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    Emmanuel Macron, head of the political movement En Marche !, or Onwards !, and candidate for the 2017 presidential election, attends a meeting in Reims, France March 17, 2017

    French President-Elect Macron May Seek Closer Ties With Germany, Not Russia

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    The policies of French President-elect Emmanuel Macron, including his approach to Russia and the issue of pulling back NATO armaments from the Russian border, are uncertain, political observers said to Sputnik.

    WASHINGTON (Sputnik) — As the youngest leader in French history since Napoleon Bonaparte, Emmanuel Macron’s lack of experience may make him more unpredictable, apart from wanting to put ties with Germany and the European Union above other considerations, analysts told Sputnik.

    "[Macron] is right of center, in terms of government restraint in domestic policy," retired Brown University Assistant Economics Professor Barry Friedman said on Tuesday. "His foreign policy is unknown except it seems to favor close European integration."

    Macron’s fundamental weakness is the lack of a political base in the French parliament, the National Assembly that he can rely upon to loyally support him, Friedman pointed out.

    "He is a man without a party. He is still awaiting parliamentary elections to see who he will have to work with," he said.

    Macron is likely to seek to work closely with the European Commission that runs the European Union in Brussels and with veteran German Chancellor Angela Merkel in Germany, Friedman predicted.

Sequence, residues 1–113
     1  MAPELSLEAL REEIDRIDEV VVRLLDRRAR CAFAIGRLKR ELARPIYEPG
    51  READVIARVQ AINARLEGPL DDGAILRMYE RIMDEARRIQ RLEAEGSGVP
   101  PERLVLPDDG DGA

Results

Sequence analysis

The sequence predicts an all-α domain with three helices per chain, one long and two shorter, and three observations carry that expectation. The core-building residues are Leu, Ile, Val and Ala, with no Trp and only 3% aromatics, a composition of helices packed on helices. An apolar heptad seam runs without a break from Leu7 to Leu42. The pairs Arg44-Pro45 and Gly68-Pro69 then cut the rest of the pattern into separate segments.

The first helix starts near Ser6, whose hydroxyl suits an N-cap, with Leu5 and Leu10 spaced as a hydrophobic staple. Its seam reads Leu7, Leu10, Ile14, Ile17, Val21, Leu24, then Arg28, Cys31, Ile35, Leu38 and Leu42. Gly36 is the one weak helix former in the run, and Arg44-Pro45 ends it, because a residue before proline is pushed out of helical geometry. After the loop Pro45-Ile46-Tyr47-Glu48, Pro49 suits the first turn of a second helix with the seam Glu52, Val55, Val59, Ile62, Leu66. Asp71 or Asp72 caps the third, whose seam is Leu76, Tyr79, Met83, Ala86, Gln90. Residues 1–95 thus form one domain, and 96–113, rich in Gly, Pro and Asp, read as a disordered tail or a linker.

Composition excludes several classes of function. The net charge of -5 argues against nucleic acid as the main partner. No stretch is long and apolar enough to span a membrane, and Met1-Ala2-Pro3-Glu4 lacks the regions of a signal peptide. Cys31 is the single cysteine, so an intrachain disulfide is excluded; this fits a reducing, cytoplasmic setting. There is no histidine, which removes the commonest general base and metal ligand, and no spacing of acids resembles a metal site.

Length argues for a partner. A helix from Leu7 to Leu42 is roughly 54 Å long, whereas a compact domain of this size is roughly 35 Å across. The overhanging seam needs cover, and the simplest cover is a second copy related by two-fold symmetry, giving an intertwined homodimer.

"We will have to get used to more French and German in European forums," he said.

    Macron’s eventual attitude on Russia and on the issue of pulling back NATO armaments from the Russian border and rethinking the future status of Ukraine remain uncertain, Friedman cautioned.

    "It is so hard to predict in view of his youth and lack of relevant public responsibilities," he explained.

    Macron has already indicated his ambition to make progress on trying to end the civil war in Syria, but that would require cooperating with Russia and other groups in the Middle East and his attitudes toward them remained far from clear, Friedman pointed out.

    "As for Syria, maybe he wants to try something more of a peacemaking role rather than working only through the UN? If so, he has to collaborate with the Russians, the Turks and farther east the Kurds and Iraqi Sunnis," he said.

    Woodrow Wilson Center economic analyst Shihoko Goto agreed that Macron faced a shaky start to his presidency despite the relief and goodwill he enjoyed from supporters of the European Union.

    "This is a victory for proponents of open markets and the rule of law, as much as it is for the leader of En Marche [Macron]! For those outside of Europe, it is the clearest sign yet that the European Union still can not only survive, but potentially thrive," she said.

    However, Macron faced serious challenges it was by no means clear he could surmount, Goto acknowledged.

    "The fact remains that confidence in Europe still remains shaky and unless Macron is able to tackle the high unemployment and social unrest plaguing France, his leadership will be on shaky ground," she said.

    The anger that propelled the Front National of Macron ‘s second round opponent Marine Le Pen to the forefront remains, and still is prevalent across the European continent, Goto pointed out.

    Results of the French Presidential Election
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    Results of the French Presidential Election
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    Macron Wins French Presidential Election (53)

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